Nicola Parker, of Health and Herbs, in Morecambe, writes about the pitfalls of laxatives
During the course of my career, I’ve been meeting more and more people wanting to branch out and look for alternative methods to care for their health.
I find it inspiring to see people taking control of their own health. Especially when modern medicine fails to provide satisfactory solutions to every day health problems that may last a lifetime without proper treatment.
For non life threatening conditions, this can often be the case as we find ourselves becoming reliant on everyday medications that focus on relieving symptoms, but don’t actually solve the problem. Unfortunately, in some instances, these medicines can exacerbate the problem and this is especially true in the case of laxatives.
Laxatives come in different forms. Some carry fibre and water into the large intestine. These are often safe to use long term as they aid us in doing what we should already be doing through our diet. Others, cause the muscles of our colon to move faster. This rapid movement means that water is not always reabsorbed into the body, causing loose or liquid stool. It is these types of laxatives that can be problematic.
A classic herb known to have this effect is Senna. Senna, in its natural form, comes as large dried pods that can be brewed as a tea. For convenience, it is also often found in tablets or as liquid. If you’ve received it from your doctor or chemist, you may know it as Senokot. Senokot and Senna are not the only laxatives that work in this way, but they are perhaps the best known. Senna shouldn’t be taken for any more than a week at a time. This is because the muscles of the bowel can begin to rely on it and fail to function properly without them.
In my own clinic, I find Senna far too purgative and usually both unnecessary and unhelpful. I’m much more likely to see, are people who have become stuck using laxatives like Senna, wanting help to come off it. Reliance on laxatives can be a result of regular laxative use and if this is the case, retraining your bowel to move on its own is necessary. The good news is, this is very easy to do. The bad news, is that it does require some patience.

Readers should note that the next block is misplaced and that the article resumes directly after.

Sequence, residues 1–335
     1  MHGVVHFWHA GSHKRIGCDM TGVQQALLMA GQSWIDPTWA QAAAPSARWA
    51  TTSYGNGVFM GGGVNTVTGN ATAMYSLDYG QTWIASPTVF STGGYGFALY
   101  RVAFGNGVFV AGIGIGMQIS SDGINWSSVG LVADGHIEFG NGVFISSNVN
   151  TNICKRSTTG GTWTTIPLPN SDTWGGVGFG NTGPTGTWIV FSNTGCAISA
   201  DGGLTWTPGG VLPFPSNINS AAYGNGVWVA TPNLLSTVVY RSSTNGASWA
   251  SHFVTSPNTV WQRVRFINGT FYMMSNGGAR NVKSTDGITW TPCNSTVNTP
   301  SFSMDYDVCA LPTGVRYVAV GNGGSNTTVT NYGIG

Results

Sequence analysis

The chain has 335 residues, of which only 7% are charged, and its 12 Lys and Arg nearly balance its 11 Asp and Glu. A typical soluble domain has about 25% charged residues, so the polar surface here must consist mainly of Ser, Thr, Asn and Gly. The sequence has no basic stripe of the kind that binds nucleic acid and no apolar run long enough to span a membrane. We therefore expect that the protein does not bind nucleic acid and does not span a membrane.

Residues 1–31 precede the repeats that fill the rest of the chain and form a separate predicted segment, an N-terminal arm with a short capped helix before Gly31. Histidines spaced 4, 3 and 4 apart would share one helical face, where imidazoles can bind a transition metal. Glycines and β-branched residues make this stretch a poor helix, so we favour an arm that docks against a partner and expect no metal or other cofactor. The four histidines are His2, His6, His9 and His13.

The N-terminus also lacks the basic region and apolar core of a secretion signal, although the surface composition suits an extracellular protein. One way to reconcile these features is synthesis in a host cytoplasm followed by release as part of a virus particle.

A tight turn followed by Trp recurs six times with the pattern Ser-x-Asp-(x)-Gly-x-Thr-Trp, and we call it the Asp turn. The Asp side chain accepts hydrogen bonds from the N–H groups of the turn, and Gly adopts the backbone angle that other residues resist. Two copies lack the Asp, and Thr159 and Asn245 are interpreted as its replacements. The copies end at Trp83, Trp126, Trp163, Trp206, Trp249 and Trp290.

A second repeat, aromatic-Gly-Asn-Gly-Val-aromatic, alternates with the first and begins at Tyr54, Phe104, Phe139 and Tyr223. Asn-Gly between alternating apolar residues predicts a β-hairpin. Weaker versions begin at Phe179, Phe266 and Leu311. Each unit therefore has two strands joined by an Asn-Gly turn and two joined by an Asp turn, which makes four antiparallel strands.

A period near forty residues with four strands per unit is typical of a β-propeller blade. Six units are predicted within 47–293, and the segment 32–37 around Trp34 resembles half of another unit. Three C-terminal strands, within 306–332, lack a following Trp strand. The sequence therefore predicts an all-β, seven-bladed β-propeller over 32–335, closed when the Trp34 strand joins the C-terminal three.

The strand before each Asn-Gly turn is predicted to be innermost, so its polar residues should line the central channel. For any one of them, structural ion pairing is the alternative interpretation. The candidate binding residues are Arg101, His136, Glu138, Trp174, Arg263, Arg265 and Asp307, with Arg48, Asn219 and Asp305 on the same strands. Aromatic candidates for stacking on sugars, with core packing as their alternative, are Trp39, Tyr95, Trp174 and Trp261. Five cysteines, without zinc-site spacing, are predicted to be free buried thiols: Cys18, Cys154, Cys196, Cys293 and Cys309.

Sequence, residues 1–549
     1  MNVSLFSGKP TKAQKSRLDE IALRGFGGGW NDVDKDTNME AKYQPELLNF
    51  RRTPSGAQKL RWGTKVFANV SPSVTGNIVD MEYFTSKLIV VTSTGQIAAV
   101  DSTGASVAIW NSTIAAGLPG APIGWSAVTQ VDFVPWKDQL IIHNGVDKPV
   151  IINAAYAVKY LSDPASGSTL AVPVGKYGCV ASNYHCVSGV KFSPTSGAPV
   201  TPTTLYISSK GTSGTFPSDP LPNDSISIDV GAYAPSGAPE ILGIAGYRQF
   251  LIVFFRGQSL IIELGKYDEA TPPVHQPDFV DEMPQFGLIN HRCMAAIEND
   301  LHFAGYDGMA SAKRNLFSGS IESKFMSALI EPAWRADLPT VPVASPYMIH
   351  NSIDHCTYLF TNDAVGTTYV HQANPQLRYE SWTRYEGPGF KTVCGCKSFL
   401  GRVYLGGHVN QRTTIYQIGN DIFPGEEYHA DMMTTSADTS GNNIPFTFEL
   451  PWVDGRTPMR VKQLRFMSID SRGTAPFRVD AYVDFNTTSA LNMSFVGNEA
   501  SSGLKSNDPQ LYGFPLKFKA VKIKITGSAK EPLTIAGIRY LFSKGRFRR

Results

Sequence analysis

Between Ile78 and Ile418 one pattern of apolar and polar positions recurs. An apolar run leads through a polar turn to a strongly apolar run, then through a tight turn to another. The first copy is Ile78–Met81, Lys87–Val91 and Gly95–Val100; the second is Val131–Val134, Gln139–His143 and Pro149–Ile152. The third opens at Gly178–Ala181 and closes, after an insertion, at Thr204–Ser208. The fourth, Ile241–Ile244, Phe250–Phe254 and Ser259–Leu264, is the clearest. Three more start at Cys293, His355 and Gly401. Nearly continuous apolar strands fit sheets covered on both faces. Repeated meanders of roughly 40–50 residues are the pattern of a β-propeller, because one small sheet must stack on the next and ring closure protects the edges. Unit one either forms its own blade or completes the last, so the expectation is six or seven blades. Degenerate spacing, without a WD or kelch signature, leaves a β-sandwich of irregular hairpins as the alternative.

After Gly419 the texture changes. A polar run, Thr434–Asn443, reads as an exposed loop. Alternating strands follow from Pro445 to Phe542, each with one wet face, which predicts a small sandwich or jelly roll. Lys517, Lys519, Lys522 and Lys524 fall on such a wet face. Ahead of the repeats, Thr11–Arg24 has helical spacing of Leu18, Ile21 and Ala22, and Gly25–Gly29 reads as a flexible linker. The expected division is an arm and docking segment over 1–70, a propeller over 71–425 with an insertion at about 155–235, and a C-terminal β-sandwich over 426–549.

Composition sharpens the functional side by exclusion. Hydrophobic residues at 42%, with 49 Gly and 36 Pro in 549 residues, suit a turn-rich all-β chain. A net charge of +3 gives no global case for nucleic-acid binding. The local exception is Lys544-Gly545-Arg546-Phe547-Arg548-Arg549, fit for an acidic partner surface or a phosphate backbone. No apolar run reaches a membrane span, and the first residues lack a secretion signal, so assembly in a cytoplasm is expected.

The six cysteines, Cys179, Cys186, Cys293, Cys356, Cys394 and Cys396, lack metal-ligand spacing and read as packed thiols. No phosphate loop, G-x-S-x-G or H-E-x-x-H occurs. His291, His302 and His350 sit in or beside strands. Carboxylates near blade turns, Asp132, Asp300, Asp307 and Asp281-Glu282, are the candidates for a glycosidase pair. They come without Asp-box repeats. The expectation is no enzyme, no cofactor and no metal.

Cutting out your laxatives while your bowel is lazy, will cause constipation that can lead to some serious problems. Instead, I suggest reducing the dose lowly, while introducing herbs that help to tone the bowel muscles, making it strong enough to work on its own.
Some years ago, I met a man that had been using laxatives for over 10 years. He was concerned that over this time, he’d had to increase the dose multiple times and finally decided that he wasn’t willing to do this again. I asked him to use a remedy called FOS, a powder sourced from the root of the chicory plant. FOS isn’t digested until it reaches the bowel and once there, it feeds the important bacteria that make their home there, producing compounds that stimulate peristalsis (the squeezing action of our bowel muscle). These compounds can make us very windy, so it’s imperative that you introduce FOS slowly. Just as slowly as one would reduce their laxatives.
For the next four months, this gentleman visited me every week and each week we gradually reduced his laxatives and gradually increased his FOS. Once his laxative dose had reached zero, we worked together on eliminating the FOS and after four months his bowel was working effectively on its own for the first time in over 10 years! No medication, no herbs, just healthy digestive muscles.
If you’ve found yourself stuck on laxatives, it is possible to break free from them, but it is best done with supervision, dietary adjustments and a good dollop of patience. Remember that water is as important as fibre and that hydrating yourself with tea or coffee will likely make the problem worse.
Laxatives can be an essential tool for some people, but they are not your only option. If you’re tired of taking pills because your bowel is lazy, ask your pharmacist or herbalist about other avenues you can take to give it strength again.